Someone might be thinking I am being coy to talk about roles and behaviors, as if they were [these days] constitutive of womanhood.  Surely I know that being a real woman has something to do with bodily architecture; people are born with bodies, so they are born women or men.  Well, not women or men, exactly, but girls or boys.  Being a woman or a man comes down to having a particular kind of body. 

But which kind of body is that?  Can it differ from the ideal-typical or the paradigmatic female body?  How much?  Enough to authorize people who know themselves as women but whose bodies do not include breasts, or wombs, or are too big, or too old, or too hard, or too whatever?  What permits who to over-rule the canonicity of those women’s claim to womanhood at any point?  What permits who to say where that point lies?  And what, in particular, does it allow us to say to the people who are born with bodies that are not obviously either a girl’s or a boy’s?  Because the facts are that even at birth, this matter of gender assignment is more complex than simple male/female binary thinking makes it out to be.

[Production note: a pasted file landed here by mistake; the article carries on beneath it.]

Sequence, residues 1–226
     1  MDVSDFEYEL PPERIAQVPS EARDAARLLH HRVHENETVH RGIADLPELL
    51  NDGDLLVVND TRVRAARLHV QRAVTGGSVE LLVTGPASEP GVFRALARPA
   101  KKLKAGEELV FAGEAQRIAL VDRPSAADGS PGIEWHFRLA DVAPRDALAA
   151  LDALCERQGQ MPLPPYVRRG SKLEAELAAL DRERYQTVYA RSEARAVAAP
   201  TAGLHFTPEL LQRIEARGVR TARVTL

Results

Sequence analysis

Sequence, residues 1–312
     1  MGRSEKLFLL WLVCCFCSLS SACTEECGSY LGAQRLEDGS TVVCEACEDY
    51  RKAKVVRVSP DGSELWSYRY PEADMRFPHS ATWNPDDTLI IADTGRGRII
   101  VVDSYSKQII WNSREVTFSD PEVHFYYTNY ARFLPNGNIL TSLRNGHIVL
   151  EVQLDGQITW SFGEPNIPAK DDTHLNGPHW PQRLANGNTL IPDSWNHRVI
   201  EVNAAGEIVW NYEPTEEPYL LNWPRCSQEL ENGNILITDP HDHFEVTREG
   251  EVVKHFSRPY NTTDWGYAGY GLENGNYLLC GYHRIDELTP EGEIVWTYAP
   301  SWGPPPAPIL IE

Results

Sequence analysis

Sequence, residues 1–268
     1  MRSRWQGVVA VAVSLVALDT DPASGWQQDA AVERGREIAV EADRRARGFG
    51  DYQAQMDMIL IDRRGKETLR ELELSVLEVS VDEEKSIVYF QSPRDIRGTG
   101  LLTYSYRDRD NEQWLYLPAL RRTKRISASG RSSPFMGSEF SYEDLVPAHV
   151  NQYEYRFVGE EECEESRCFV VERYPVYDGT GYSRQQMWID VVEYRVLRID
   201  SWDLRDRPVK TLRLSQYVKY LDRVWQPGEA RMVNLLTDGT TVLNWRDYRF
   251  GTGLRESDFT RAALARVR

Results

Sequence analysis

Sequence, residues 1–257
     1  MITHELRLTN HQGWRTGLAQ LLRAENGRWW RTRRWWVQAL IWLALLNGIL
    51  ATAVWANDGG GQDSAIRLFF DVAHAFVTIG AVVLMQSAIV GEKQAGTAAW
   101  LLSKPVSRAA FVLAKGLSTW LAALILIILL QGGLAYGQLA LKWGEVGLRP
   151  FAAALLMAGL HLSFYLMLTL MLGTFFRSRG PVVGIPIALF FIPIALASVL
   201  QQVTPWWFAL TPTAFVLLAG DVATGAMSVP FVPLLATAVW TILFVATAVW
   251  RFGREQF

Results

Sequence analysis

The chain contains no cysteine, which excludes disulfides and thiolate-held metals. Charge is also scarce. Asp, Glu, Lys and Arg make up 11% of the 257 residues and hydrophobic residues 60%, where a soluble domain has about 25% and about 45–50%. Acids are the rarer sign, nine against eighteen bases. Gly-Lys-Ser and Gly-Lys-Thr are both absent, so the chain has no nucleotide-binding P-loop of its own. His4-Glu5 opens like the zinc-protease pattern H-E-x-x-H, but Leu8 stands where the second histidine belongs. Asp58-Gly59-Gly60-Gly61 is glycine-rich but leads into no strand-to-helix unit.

My point here, which is not the only point that could be made on this topic, is that the issues at the heart of the Transgender Day of Remembrance are the ones that have always been at the heart of the Women’s Center.  Transgender folk remind us, again, and vividly, that what it means to “be a woman” or to “be a man” is far less simple than people often think.  Transgender folk challenge us to live with the complexity of gender in the real world.  The reality of anti-transgender violence challenges us to live with that complexity more justly.  Seconding that challenge couldn’t be simpler.

Why Transgender Issues Matter to Members of Faith Communities

transgender flagAbout 15 people, not counting panelists and others, gathered in the Women’s Center Tuesday to talk with 3 panelists from the local area about the relevance of transgender issues to people in general and to members of faith communities in particular.  The Women’s Center is deeply grateful to Beth Harrison-Prado and colleagues who took time from their schedules to make the panel discussion a reality.